Better by the glass

Are the days of drinking wine by the bottle in a restaurant numbered?

Increased awareness of drinking and driving, and consumers experimenting more with variety, should result in restaurants also stepping up their ‘wine by the glass’ offering. Sadly this section remains neglected on most menus.

While hip and trendy wine bars are growing in popularity, the general lack of creativity and versatility of wine by the glass offerings at many restaurants is astounding. With the exception of a few, wine by the glass lists usually comprise mass produced house wines and products from big brand ‘bullies’. The price per glass is often even higher than the retail price per bottle at the supermarket.

South African sommelier Higgo Jacobs believes that restaurants should refrain from just listing generic recommendations of big suppliers by the glass. “A good, interesting wine by the glass offering doesn’t necessarily mean more wines on offer, but rather a better and carefully considered selection,” he says.

Raising the bar

Belthazar Restaurant at the V&A Waterfront in Cape Town set out to create the largest ‘wine by the glass’ wine bar in the world. Senior beverage manager André Lourens explains that they currently serve more than 250 wines by the glass, with their complete wine list consisting of more than 700 options. “Our current wine by the glass selection comprises limited releases, rare finds, older vintages, organic and sustainable wines, unusual cultivars and blends, as well as verticals of the same wine,” he says.

André believes that wine by the glass is a great way to give exposure to various wines and wineries, while it also provides an opportunity to educate and interact with clients, suggesting wines to go with individual dishes. “Due to the heightened awareness around drinking and driving, we’ve definitely also seen an increase in the demand for wine by the glass,” he says.

International perspective

The Yeatman in Oporto, Portugal, is a great international example and when chatting to wine director, Beatriz Machado, during her recent visit to South Africa, she revealed that the extensive wine by the glass offering at this hotel and restaurant is considered groundbreaking and something relatively new to the city.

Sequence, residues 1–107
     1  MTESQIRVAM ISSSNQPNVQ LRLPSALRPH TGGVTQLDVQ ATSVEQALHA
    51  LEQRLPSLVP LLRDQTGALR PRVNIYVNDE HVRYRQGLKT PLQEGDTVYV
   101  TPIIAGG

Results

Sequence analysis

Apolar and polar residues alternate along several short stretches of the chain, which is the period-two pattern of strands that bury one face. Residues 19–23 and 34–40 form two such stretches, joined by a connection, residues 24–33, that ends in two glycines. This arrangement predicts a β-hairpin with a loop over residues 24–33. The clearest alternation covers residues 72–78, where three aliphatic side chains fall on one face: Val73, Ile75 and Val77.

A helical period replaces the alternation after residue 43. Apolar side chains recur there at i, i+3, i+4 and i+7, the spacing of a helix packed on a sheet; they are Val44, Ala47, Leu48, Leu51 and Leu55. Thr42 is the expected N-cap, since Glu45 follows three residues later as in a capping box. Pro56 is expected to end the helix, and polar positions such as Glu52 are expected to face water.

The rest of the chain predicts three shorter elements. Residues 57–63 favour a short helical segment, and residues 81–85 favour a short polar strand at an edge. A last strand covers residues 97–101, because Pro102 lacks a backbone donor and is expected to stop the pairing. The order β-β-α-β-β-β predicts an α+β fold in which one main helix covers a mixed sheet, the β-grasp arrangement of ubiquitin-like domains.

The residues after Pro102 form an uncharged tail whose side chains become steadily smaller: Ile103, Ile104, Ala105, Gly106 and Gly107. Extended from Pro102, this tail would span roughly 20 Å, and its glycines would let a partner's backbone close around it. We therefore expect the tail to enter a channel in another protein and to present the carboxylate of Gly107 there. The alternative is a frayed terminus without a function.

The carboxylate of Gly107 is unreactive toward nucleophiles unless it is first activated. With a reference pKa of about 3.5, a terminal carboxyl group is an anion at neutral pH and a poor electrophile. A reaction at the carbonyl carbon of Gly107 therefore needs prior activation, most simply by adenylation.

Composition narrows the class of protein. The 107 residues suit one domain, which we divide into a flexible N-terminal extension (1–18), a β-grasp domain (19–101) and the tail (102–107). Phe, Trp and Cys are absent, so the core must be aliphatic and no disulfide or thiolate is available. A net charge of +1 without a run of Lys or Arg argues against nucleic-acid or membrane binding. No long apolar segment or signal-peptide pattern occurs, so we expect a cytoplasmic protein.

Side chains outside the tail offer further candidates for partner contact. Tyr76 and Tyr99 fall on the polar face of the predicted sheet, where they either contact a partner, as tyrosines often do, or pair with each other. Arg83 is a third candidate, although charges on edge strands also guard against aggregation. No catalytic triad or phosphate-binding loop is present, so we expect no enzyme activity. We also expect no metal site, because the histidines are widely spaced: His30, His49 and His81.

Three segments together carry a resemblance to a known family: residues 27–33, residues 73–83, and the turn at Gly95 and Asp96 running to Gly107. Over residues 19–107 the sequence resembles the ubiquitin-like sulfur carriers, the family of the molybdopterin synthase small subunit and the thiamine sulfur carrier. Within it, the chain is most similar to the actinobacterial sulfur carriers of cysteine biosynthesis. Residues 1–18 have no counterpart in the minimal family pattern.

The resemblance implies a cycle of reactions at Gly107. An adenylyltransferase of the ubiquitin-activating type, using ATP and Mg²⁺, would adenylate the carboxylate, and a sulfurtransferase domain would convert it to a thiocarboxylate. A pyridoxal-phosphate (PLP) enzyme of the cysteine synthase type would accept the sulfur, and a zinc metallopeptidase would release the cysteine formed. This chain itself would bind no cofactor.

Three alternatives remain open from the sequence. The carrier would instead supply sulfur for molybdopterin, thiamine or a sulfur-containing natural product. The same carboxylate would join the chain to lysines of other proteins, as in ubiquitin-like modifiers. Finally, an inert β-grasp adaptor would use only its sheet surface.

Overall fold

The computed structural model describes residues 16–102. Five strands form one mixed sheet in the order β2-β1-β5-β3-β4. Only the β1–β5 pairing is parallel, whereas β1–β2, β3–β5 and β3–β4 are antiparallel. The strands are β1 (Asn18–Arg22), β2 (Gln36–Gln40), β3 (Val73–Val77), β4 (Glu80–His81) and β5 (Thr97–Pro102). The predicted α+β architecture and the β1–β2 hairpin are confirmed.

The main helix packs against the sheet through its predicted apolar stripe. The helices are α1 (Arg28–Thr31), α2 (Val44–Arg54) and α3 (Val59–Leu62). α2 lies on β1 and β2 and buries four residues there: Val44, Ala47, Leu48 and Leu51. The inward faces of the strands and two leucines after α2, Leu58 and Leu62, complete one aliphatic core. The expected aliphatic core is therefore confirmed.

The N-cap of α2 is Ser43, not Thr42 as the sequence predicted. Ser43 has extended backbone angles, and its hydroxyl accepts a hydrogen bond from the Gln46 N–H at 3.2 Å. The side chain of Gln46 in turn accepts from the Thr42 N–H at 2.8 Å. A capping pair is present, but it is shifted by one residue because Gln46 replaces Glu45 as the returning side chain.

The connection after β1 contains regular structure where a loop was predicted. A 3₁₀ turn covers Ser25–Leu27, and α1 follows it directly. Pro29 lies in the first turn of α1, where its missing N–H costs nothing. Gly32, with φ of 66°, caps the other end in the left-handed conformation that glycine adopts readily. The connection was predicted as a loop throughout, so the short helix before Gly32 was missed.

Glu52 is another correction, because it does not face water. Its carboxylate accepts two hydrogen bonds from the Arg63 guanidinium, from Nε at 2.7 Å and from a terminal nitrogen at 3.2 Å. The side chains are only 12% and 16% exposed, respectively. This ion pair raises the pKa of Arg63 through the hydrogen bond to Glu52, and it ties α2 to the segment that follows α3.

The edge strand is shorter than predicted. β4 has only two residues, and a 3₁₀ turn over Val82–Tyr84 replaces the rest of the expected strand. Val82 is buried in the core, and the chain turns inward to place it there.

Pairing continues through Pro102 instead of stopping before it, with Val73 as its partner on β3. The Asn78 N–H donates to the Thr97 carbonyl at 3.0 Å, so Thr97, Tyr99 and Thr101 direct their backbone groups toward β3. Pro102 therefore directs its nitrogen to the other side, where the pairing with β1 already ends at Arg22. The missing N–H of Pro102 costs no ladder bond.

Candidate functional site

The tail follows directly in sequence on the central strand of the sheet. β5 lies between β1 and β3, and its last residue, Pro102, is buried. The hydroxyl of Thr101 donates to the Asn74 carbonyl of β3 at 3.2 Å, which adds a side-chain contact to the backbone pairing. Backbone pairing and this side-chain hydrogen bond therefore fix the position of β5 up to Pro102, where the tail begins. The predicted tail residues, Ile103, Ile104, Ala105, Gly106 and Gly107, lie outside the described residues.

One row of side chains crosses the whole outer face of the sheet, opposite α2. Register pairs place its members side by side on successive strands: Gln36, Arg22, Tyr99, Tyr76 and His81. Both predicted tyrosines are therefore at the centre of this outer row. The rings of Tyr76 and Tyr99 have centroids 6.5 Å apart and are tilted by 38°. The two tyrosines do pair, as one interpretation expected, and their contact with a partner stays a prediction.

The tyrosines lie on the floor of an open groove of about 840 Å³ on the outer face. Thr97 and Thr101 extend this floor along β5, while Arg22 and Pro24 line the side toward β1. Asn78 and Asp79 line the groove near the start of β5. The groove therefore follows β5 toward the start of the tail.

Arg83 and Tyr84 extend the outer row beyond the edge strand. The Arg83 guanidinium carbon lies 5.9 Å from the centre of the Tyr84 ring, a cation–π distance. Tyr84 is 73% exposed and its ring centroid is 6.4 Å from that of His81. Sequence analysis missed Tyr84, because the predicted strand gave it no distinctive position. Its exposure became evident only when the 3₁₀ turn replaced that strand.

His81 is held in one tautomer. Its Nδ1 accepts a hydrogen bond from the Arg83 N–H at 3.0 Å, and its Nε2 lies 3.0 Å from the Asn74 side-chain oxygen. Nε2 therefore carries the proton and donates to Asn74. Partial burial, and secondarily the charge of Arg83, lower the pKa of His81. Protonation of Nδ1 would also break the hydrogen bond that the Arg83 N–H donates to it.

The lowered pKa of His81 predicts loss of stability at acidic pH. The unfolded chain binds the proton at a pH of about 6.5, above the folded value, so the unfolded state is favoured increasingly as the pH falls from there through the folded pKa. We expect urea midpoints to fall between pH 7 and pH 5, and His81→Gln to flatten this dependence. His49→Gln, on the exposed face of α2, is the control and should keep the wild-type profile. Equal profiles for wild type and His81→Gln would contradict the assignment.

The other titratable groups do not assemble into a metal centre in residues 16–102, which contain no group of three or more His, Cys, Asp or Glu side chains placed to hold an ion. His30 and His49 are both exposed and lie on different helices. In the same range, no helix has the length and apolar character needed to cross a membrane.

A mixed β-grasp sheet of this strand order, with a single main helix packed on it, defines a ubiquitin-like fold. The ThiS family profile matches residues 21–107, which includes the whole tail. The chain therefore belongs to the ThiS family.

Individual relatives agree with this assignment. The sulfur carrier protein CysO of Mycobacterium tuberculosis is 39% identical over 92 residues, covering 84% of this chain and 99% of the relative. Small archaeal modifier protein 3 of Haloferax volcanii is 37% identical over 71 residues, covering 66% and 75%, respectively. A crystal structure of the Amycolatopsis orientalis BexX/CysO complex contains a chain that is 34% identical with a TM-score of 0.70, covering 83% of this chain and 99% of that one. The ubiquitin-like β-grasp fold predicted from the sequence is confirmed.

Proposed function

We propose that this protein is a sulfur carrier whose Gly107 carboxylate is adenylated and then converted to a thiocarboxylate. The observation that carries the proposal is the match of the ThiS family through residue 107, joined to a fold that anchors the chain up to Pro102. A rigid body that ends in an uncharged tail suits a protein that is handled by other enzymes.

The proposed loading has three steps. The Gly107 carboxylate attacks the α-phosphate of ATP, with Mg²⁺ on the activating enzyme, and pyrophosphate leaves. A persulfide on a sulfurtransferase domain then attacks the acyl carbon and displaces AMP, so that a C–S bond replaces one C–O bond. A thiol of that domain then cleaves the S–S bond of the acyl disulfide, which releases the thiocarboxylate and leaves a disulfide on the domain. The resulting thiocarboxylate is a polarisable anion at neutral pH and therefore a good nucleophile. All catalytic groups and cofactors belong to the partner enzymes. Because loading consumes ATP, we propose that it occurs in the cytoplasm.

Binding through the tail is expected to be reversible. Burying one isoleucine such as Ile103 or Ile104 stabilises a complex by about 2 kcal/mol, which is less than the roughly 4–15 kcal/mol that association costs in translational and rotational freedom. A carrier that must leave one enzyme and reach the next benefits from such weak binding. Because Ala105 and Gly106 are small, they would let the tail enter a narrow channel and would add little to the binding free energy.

The Yeatman hotel has 82 rooms – with one producer sponsoring each of the rooms – and these 82 wines are all offered by the glass at the restaurant. The wines aren’t necessarily categorised according to cultivar or style, but rather in terms of classics, collectibles, newcomers, limited editions, etc. The list is accompanied by a seasonal in-house wine journal, with descriptions of each wine.

Beatriz explains that these descriptions speak to all types of consumers, providing not only general information on the flavour of the wine and the story of the producer, but also more in-depth detail about the area of origin and the terroir.

With regard to pricing, Beatriz explains that they work on a price range, which remains the same for all wines within a category. “Price is the most important decisionmaker.

When you take it off the table, guests will look at other, more important best online casino information to make their decision,” she says.

When it comes to serving temperature, they aim to keep it simple – “we serve white wines at 7°C and red wines at 17°C,” she says. Glassware is important and Beatriz uses only handmade Riedel glasses, selected per wine style. “Wine needs to be served in a proper outfit and context. My job is to put the right wine in the right glass, at the right temperature.”

Constant control

But why are so many restaurants reluctant to expand their wine by the glass offering? Higgo believes that the majority of South African restaurants are scared to serve good quality wine by the glass, primarily with wastage costs in mind.

According to André, the secret to successfully offering an extensive wine by the glass selection, is constant control. “Our nitrogen preserver system enables us to keep wines free from oxidation for close to a month. We date the wine after opening and taste it weekly to ensure it is in good condition. Opened bottles are also used as tasters to encourage sales,” he says.

“When a wine approaches its sell-by date, we use it for staff training or cooking. Unfortunately there will always be some wastage, but if your costing and control is correct, the positives far outweigh the negatives.” In addition to technological equipment, Higgo believes there is an opportunity for premium wine producers to package their wines in smart bag-in-boxes. “Due to the lower oxidation risk, it will be popular in restaurants to prevent wastage,” he says. South Africa may slowly be moving in the right direction, with more wine bars and better wine by the glass offerings becoming available, but according to André there is much room for improvement.

“There is unfortunately still a massive difference between wine by the glass offerings at ‘higherend’ restaurants and those of ‘average’ restaurants,” he says. “In South Africa we are blessed with a dynamic, thriving wine industry, and hospitality should be doing its part in supporting, educating and maximising exposure hereof.”